What is it?
The most important systems needing updates rapidly are services, applications and websites available directly on the internet that use log4j. Why is this one so serious? A simple one-line piece of text that an attacker can cause to be logged (and many applications log all sorts of things) will let that attacker run whatever of their own custom attack code they want on the server doing the logging, bypassing all security. This is why the very uncommon “CVSS Score” of 10.0, meaning the most serious, easily exploitable vulnerability possible.
What are we doing?
We’ve been keeping a close eye on the log4j vulnerability since it was released and become common knowledge on Wednesday, December 10th, and have confirmed that our customer-facing set of tools (and most of our back-end tools) were either not affected or were fixed by the weekend for the most part, or shortly thereafter. However, there may be some vulnerable code on client systems in a variety of software that will in most cases require updates to be released by vendors to remove or update the vulnerable software. You can also check with specific vendors to see if they are vulnerable; often they will have updates available or are working on them. One of the vendors we use with some clients is Huntress, which has a long track record of proactive security information for IT companies, and they have a more technical article that they have been updating with details since the story was released that we have been following closely, along with several other industry sources.
The vulnerability is significantly more urgent for public-facing services like websites. Static websites may be less likely to be vulnerable and are less likely to contain personal information that could be abused, but if your website contains automation or interactive forms or systems (like a shopping cart), you may want to have your web company confirm your own site is unaffected.
Within most of our clients’ internal networks, we work to wherever possible restrict direct remote access to systems inside corporate networks from being connected to remotely over the internet without an intermediate step required first, such as VPN authentication. This is in large part to help reduce the risk of exactly this type of vulnerability (“reduces attack surface” would be the security industry term), so someone would need to be connected inside network on a subnet with access to a device (server, camera, etc.) that was vulnerable to exploit internal systems. In larger networks, we also segment different types of systems (servers, heating and air conditioning controllers, security cameras, and workstations and laptops) from each other to minimize the damage someone can do when they are connected internally.
Not that staff or a local attacker or someone who managed to get malware running on a company machine inside the network couldn’t cause trouble, but this is an extra step that would slow down random internet strangers from attacking without restriction, which is what started happening shortly after the announcement with public online services (including most major social networks and many online shopping companies)—this is why it was so important for these public-facing vendors to fix their systems quickly.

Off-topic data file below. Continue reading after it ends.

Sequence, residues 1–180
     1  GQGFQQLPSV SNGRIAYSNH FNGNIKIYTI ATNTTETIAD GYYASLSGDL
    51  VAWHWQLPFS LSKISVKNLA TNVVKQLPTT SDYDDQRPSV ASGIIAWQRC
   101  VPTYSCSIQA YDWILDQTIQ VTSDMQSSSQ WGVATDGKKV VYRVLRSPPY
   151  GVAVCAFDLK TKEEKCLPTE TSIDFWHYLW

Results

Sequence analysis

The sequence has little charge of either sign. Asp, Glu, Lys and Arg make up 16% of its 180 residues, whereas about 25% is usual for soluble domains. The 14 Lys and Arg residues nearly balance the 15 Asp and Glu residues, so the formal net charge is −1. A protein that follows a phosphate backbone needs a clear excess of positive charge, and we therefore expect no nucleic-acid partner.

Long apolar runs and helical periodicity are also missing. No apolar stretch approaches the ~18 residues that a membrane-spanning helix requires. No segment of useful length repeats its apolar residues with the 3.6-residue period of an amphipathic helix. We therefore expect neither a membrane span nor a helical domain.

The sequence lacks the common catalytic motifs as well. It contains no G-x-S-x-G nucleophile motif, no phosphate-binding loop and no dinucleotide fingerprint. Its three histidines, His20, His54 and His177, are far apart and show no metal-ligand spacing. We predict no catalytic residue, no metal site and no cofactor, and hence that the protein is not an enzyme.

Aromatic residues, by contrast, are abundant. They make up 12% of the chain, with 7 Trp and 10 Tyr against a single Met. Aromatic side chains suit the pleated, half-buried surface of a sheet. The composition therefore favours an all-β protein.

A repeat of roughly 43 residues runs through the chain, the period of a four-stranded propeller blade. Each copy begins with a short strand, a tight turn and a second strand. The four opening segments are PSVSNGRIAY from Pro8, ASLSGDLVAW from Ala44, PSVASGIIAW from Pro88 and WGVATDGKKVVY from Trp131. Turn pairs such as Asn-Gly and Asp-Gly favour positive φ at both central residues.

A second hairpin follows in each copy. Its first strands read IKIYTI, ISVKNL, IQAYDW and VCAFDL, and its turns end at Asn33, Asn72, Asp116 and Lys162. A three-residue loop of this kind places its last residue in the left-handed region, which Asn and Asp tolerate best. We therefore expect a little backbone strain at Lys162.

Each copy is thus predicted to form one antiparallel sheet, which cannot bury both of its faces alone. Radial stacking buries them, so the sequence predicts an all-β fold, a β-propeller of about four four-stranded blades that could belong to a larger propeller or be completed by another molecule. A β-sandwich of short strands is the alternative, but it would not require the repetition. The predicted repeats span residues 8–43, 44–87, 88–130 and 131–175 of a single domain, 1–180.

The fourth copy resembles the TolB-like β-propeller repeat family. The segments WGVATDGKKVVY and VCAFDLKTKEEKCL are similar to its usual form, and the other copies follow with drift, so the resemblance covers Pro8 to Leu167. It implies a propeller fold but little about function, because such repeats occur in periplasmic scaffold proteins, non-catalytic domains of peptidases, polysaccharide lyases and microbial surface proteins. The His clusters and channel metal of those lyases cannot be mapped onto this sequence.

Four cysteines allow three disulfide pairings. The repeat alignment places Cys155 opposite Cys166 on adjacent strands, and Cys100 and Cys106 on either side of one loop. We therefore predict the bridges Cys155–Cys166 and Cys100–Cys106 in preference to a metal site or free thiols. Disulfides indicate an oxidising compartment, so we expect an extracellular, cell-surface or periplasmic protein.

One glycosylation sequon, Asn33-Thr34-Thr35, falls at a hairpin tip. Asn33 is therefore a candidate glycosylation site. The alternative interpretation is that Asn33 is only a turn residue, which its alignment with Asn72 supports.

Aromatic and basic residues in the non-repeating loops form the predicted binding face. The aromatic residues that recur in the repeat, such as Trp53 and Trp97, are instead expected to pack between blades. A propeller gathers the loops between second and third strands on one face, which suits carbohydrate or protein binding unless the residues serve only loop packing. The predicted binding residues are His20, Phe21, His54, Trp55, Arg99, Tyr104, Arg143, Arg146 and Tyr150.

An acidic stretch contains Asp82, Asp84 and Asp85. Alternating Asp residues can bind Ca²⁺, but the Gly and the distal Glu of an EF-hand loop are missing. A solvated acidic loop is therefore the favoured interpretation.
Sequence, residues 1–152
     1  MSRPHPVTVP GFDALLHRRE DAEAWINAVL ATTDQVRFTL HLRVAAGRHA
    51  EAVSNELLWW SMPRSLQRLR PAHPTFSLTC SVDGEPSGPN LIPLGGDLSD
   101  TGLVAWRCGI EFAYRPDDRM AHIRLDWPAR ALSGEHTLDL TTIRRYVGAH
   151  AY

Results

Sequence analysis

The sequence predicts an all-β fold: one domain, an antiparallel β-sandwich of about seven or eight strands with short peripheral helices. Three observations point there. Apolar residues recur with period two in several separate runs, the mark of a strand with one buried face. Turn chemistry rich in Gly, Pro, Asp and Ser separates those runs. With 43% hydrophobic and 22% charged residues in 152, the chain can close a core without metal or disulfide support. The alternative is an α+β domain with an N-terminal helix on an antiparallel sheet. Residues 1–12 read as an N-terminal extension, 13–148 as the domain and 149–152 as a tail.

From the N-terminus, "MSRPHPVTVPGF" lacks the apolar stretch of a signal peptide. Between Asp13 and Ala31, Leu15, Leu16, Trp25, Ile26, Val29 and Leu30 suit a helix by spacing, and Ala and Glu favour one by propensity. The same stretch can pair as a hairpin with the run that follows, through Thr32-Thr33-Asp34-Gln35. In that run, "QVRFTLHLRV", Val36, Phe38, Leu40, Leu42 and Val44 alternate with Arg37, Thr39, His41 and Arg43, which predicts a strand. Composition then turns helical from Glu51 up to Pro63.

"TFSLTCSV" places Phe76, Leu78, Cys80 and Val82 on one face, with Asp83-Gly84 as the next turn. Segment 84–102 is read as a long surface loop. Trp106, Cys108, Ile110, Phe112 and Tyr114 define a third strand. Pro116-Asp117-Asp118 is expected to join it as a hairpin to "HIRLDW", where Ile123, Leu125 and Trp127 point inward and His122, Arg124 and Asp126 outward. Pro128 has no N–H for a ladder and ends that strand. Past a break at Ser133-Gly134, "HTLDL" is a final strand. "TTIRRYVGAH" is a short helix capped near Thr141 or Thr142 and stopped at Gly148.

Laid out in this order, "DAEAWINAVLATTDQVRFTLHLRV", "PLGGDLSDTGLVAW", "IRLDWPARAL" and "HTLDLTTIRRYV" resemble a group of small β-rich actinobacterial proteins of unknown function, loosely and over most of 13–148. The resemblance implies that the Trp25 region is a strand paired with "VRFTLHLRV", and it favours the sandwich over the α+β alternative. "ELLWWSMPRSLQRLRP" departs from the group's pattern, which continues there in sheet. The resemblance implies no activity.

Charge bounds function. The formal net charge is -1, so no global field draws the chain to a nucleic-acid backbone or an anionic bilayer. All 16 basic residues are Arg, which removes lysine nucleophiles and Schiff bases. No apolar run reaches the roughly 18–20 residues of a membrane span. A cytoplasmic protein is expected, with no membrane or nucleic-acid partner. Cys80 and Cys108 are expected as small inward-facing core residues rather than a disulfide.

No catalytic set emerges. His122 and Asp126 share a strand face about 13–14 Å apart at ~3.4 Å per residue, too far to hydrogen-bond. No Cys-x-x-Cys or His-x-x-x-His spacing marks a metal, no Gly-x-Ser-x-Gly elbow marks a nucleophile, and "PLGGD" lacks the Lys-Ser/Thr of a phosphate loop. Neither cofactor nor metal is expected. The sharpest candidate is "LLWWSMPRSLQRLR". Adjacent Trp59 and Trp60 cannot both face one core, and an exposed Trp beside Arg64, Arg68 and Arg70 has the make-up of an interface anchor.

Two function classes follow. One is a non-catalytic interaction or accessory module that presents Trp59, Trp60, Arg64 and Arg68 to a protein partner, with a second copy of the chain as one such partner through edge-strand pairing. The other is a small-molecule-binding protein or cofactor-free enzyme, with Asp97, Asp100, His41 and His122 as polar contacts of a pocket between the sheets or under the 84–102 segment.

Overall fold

We have also confirmed that common firewall vendor Fortinet’s FortiGate firewalls were not affected by log4j, although some of their software made for larger companies did have a problem that they worked to fix.
Who else is affected?
This doesn’t mean that your web-hosted vendors (Software as a Service, or SaaS, providers) are safe but they must do their own security fixes, you as a customer can’t do it for them. And there are some computer applications that are affected, that require attack code to be running somehow on a computer first to exploit, so malware might be able to start using vulnerable applications to escalate permissions (become an administrator when the user is not normally) or bypass other security on an office computer, but they would need to first be able to run some code on the system as with most malware.
Some of the big web companies or software that were affected include Apple, Twitter, Minecraft, Steam, Tesla,
CISA, the Cybersecurity Infrastructure & Security Agency, has released some log4j warnings and guidance, although it’s substantially technical. The news site BleepingCompute released a list of common software and hardware vendors that were affected.
The other twist is that the first attack was fixed with an updated version of log4j, but since then security issues were found in that first fix, and also in the next fix. Those are not quite as bad, but any systems that were initially updated should be updated again with the very latest fixed version to be the most safe.
Any given security measure can and will be bypassed, which is why it’s important to have multiple layers of security, from automated scanning and antivirus products to network monitoring and detection systems for local networks and cloud accounts, adding phishing and email impersonation protection, implementing multi-factor authentication (MFA), and should also include training of users on how to be aware of security risks so they don’t fall for scams. Attacks are so prevalent, it’s very likely that all companies will be compromised by an attack at some point that is initially successful. Adding layers of security that help reduce risk that this will happen often, and preparing how to respond to this eventuality, is an important thing to plan for in companies of all sizes! There is no such thing as perfect security (in a complex system that’s actually useful), but there are pragmatic ways to reduce your amount of risk without breaking the bank.